OAK RIDGE, Tenn., Sept. 6, 2001 – Supercomputers provide researchers with powerful tools, but operating them can also be a super hassle, says an Oak Ridge National Laboratory researcher who heads a team working to fix the problem.
Through a $15 million five-year project, ORNL and a team from universities and other Department of Energy laboratories will create the Scalable Systems Software Center. The center, funded through DOE’s Scientific Discovery through Advanced Computing initiative, will address the lack of software for effective management of terascale computational resources like the ones being installed at ORNL and other sites around the country.
“DOE operates many of the largest computers in the world and some of the largest computer centers,” said Al Geist of ORNL’s Computer Science and Mathematics Division. “But today, each computer center uses ad hoc and homegrown systems software solutions to, for example, schedule jobs and monitor the health of the supercomputers.”
With the center, problems solved at one DOE computer center could be leveraged to other centers.
“The Scalable Systems Software Center provides the opportunity to create and support a common set of systems software for large computer centers across the country,” Geist said. “It’s a problem that the computer industry isn’t going to solve because business trends push the industry toward smaller systems aimed at Web serving, database farms and departmental-sized systems.”
The vision and goal of the center are to bring together a team of experts who, with industry involvement, can agree on and specify standardized interfaces between system components. Another goal is to produce a fully integrated set of systems software and tools to effectively use terascale computational resources.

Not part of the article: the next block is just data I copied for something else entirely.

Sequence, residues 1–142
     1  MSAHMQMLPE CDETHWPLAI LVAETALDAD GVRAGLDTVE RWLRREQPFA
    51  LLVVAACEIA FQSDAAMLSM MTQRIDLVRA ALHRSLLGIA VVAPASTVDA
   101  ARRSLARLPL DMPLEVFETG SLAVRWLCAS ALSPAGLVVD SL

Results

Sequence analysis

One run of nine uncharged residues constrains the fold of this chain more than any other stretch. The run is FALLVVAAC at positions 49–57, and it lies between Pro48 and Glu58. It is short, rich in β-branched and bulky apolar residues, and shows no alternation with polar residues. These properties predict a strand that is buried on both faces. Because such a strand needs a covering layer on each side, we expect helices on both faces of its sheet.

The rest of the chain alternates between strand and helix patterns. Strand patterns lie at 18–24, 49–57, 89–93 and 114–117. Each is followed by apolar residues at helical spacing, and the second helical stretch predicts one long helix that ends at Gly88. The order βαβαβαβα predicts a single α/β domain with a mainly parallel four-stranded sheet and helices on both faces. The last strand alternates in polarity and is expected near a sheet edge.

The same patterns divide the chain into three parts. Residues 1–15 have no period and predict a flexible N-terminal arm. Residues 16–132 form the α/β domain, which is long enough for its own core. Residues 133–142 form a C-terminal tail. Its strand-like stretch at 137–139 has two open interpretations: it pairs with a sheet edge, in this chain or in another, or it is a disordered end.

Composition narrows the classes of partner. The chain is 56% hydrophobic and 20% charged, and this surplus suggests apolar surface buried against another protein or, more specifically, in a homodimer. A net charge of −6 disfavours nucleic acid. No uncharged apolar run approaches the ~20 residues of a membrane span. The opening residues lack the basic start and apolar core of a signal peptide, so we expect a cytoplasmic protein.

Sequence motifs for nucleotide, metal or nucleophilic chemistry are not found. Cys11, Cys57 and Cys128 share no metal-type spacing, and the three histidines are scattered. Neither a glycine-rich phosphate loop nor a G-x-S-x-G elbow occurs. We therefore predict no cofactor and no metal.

Researchers also plan to study and develop more advanced versions of the system tools to meet the needs of future – and even larger – supercomputers.
Scientific Discovery through Advanced Computing is an integrated program that will help create a new generation of scientific simulation codes. The codes will take full advantage of the extraordinary computing capabilities of computers capable of performing trillions of calculations per second to address increasingly complex problems.
The recently announced 51 DOE SciDAC projects will receive a total of $57 million this fiscal year to advance fundamental research in several areas related to the department’s missions, including climate modeling, fusion energy sciences, chemical sciences, nuclear astrophysics, high-energy physics and high-performance computing.
ORNL’s partners for the Scalable Systems Software Center are Ames Laboratory, Argonne National Laboratory, Lawrence Berkeley National Laboratory, Los Alamos National Laboratory, Pacific Northwest National Laboratory, Sandia National Laboratories and the National Center for Supercomputer Applications, made up of dozens of universities throughout the United States.
ORNL is a DOE multiprogram facility operated by UT-Battelle.